Special Guest Blog: Michael Martin on Bonhoeffer, Niemöller, and Speaking Out Against the Nazis

(Editor’s note: On April 6, author Michael Martin was presented the 2012 Wilbur Award for Best Book: Youth from the Religion Communicators Council for his book, Champion of Freedom: Dietrich Bonhoeffer. Today, in honor of his achievement, and also of Holocaust Remembrance Day (which began April 7, and ends tonight, the 8th, at sundown), we present a special guest blog written by Mr. Martin, shedding light on Dietrich Bonhoeffer’s acquaintance  Martin Niemöller, and the origin of one of the most famous quotes to come out of the World War II era.)

Michael Martin

Michael Martin

One of the more famous quotes to come out of the police state that was Nazi Germany has often been attributed to Dietrich Bonhoeffer. There are numerous variations but a typical one goes as follows:

First they came for the communists,

and I didn’t speak out because I wasn’t a communist.

Then they came for the socialists

and I didn’t speak out because I wasn’t a socialist.

Then they came for Jews,

and I didn’t speak out because I wasn’t a Jew.

Then they came for me,

and there was no one left to speak for me.

Besides Jews, communists and socialists, the quote sometimes includes the disabled and Jehovah’s witnesses, other groups of people considered inferior and therefore expendable by Hitler and his cronies. In truth, the real author of the quote was not Bonhoeffer but a fellow pastor, Martin Niemöller.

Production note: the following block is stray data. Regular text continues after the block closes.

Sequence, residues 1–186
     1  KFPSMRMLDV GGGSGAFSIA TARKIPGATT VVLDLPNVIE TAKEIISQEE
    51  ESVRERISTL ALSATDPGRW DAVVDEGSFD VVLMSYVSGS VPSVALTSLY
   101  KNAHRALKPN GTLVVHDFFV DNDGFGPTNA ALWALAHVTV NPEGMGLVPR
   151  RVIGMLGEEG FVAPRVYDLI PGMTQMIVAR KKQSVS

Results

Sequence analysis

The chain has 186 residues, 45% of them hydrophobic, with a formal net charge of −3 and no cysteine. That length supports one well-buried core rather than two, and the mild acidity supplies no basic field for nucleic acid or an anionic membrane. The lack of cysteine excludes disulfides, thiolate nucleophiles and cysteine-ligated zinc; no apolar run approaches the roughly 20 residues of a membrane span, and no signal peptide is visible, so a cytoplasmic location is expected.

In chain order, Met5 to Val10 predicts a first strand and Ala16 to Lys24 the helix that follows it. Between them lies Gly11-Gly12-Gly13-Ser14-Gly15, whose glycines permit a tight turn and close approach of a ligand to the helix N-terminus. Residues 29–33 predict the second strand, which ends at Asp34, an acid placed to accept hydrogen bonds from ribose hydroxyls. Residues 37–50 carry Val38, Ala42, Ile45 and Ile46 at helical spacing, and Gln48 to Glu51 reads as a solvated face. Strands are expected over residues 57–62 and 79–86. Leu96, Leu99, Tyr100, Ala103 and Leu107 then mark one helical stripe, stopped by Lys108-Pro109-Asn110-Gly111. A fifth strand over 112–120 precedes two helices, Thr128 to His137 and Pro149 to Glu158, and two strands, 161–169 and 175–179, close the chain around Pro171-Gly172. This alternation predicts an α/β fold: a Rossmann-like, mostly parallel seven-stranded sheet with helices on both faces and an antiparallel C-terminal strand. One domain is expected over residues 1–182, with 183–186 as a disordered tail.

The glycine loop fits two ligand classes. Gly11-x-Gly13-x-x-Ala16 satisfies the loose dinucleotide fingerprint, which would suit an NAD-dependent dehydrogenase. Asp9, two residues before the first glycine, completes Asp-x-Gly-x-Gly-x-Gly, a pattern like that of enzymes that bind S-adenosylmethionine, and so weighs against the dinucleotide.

It’s understandable why people would think Bonhoeffer was the quote’s author: it sounds like something he would have said. In speeches and sermons, he railed against Nazi attempts to co-opt the church. An implacable foe of the Nazi regime, Bonhoeffer believed it was a true Christian’s duty to stand up against persecution of any group—even if its members were not Christian.

Niemöller, on the other hand, came by the wisdom of that quote through painful experience. He was an early and enthusiastic supporter of Adolf Hitler—both before and after he became a Lutheran pastor. A highly decorated U-Boat captain during World War I, Niemöller initially let his patriotism, his concern for order and his anti-Semitism—which he expressed regret for only much later in life—blind him to the more sinister aspects of Nazism.

Martin Niemöller

Martin Niemöller

As late as 1933, Niemöller described the Nazi party as a “renewal movement based on a Christian moral foundation.” Niemöller was not alone in that sentiment. If fact, most Christians in Germany welcomed the rise of the Nazi Party as a return to a strong government that would restore the country’s national honor after the loss of World War I and the economic and social chaos that followed in its wake.

Many were persuaded that they had nothing to fear from the Nazis by a statement on “positive Christianity” in Article 24 of the Nazi Party Platform which read:

We demand the freedom of all religious confessions in the state, insofar as they do not jeopardize the state’s existence or conflict with the manners and moral sentiments of the Germanic race. The Party as such upholds the point of view of a positive Christianity without tying itself confessionally to any one confession. It combats the Jewish-materialistic spirit at home and abroad and is convinced that a permanent recovery of our people can only be achieved from within on the basis of the common good before individual good.”